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Report of Foreign Bank and Financial Accounts

2009 August 22

With all the recent news about secret Swiss bank accounts (see for example this IRS posting about the IRS/UBS agreement, this NY Times article, and this Wall Street Journal article), it is worth noting an easy-to-overlook section of on your tax return.

Schedule B questions about ownership or control of foreign accounts

Form 1040, Schedule B - Questions about ownership or control of foreign accounts

According to the IRS:

If you own or have authority over a foreign financial account, including a bank account, brokerage account, mutual fund, unit trust, or other types of financial accounts, then you may be required to report the account yearly to the Internal Revenue Service. Under the Bank Secrecy Act, each United States person must file a Report of Foreign Bank and Financial Accounts (FBAR), if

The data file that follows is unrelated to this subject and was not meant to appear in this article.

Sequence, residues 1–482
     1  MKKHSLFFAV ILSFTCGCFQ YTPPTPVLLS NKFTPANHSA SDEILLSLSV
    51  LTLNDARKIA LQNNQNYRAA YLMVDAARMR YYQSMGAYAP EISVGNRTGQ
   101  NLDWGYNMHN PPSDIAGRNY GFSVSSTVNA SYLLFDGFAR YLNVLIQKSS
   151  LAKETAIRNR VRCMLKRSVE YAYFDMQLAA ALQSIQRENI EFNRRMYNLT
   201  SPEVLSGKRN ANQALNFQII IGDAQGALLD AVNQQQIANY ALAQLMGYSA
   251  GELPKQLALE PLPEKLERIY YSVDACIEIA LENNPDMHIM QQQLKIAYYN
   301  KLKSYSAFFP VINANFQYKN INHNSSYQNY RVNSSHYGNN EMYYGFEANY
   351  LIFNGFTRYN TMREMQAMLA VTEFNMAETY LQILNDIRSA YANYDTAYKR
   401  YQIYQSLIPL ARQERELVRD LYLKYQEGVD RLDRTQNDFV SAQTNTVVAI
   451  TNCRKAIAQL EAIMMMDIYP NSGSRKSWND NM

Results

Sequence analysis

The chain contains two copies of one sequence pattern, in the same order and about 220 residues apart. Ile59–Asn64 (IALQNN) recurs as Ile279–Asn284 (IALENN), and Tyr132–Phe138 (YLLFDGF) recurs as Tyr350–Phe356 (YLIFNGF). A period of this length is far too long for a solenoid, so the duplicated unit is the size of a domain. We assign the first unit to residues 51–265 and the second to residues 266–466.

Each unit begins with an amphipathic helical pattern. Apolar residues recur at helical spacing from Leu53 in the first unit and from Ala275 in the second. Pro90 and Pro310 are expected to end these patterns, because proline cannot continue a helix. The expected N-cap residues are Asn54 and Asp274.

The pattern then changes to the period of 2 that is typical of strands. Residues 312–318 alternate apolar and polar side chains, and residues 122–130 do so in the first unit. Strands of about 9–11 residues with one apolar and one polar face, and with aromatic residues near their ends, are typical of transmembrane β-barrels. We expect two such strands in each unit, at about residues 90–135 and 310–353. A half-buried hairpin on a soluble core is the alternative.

• The person has a financial interest in, or signature authority (or other authority that is comparable to signature authority) over one or more accounts in a foreign country, and
  • The aggregate value of all foreign financial accounts exceeds $10,000 at any time during the calendar year.

A United States person is not prohibited from owning foreign accounts. The FBAR is required because foreign financial institutions may not be subject to the same reporting requirements as domestic financial institutions. The FBAR is a tool to help the United States government identify persons who may be using foreign financial accounts to circumvent United States law. Investigators use FBARs to help identify or trace funds used for illicit purposes or to identify unreported income maintained or generated abroad.

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